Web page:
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[1273] O you who, after such a long time, saw fit to make your most happy journey and appear to me, [1275] do not, now that you have seen me in all my misery—

What should I not do?—

—Do not rob me of the comfort of your face; do not force me to forego it!

I would be angry, indeed, if I saw another attempt it.

You give your consent?

[1280] Why would I not?

My friends, I heard a voice that I could never have hoped to hear; nor could I have restrained my emotion in silence and without a cry, when I heard it.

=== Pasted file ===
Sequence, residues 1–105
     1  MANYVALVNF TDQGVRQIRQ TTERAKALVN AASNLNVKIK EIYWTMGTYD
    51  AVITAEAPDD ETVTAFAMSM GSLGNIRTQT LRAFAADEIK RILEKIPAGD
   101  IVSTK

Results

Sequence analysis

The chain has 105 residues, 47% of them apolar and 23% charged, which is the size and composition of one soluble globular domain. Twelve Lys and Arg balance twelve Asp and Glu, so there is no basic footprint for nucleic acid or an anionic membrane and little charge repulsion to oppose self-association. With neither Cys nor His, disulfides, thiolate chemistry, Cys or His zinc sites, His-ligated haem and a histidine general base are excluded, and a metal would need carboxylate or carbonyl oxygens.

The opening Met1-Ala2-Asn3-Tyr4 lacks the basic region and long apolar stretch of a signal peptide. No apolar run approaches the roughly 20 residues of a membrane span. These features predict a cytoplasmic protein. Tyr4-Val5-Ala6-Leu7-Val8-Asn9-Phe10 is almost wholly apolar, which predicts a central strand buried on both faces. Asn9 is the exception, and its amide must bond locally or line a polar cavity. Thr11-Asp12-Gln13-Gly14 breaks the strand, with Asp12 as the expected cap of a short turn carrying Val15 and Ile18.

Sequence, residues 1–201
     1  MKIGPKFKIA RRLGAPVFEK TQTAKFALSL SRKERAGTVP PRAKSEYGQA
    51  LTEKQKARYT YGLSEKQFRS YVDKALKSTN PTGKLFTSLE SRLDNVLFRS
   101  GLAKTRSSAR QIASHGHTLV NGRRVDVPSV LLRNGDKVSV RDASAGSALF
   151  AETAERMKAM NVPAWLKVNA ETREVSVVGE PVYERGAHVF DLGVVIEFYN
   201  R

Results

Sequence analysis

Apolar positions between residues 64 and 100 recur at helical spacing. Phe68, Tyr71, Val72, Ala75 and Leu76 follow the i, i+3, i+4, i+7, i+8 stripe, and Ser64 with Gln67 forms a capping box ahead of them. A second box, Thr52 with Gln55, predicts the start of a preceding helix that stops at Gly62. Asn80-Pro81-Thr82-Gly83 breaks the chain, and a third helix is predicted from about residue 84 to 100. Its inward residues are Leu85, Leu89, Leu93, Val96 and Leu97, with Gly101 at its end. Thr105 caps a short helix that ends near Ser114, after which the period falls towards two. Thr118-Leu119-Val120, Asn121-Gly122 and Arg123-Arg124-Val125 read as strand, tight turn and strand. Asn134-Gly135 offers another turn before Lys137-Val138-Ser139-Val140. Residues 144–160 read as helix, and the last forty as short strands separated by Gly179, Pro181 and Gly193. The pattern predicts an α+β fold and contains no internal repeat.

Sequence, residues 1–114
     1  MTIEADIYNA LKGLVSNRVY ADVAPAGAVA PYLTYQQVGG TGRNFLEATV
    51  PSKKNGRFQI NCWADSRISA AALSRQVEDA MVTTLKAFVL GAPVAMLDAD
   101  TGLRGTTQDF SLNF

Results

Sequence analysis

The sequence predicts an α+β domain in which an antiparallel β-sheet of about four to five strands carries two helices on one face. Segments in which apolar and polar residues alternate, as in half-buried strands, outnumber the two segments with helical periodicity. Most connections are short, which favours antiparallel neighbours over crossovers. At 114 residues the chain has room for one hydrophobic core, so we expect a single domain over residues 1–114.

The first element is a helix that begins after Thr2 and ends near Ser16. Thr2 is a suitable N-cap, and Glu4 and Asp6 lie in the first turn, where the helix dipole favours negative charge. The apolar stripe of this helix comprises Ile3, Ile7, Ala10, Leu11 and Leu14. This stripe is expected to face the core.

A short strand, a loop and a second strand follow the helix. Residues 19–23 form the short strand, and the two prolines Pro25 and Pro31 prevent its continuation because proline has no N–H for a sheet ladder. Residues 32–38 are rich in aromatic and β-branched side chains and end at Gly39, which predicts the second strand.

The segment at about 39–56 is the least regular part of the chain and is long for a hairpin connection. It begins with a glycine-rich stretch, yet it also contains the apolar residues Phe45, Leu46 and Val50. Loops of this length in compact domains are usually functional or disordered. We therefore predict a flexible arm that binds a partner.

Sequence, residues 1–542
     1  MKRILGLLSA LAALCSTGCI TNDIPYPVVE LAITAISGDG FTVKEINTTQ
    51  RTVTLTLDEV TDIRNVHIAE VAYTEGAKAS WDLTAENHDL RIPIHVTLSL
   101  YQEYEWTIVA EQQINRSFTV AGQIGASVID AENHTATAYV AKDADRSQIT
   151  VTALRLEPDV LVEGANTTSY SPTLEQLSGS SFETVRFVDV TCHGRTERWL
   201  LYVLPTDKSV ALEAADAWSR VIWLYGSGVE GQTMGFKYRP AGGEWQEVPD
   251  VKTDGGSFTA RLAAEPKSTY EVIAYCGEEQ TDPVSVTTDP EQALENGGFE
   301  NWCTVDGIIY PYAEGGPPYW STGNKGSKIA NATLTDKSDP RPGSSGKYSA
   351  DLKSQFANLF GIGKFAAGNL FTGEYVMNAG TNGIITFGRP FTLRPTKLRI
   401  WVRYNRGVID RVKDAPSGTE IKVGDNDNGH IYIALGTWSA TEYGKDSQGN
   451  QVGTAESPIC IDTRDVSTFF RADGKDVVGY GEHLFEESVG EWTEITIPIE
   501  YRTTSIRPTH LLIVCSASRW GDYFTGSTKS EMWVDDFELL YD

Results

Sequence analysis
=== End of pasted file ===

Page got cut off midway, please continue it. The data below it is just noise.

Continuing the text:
[1285] ah, me! But now I have you. You have appeared with that dear face, which I could never, even in misery, forget.

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  • Commentary references to this page (3):
    • Sir Richard C. Jebb, Commentary on Sophocles: Electra, 1448
    • Sir Richard C. Jebb, Commentary on Sophocles: Philoctetes, 598
    • Sir Richard C. Jebb, Commentary on Sophocles: Philoctetes, 802
  • Cross-references to this page (1):
    • Raphael Kühner, Bernhard Gerth, Ausführliche Grammatik der griechischen Sprache, KG 1.3.1
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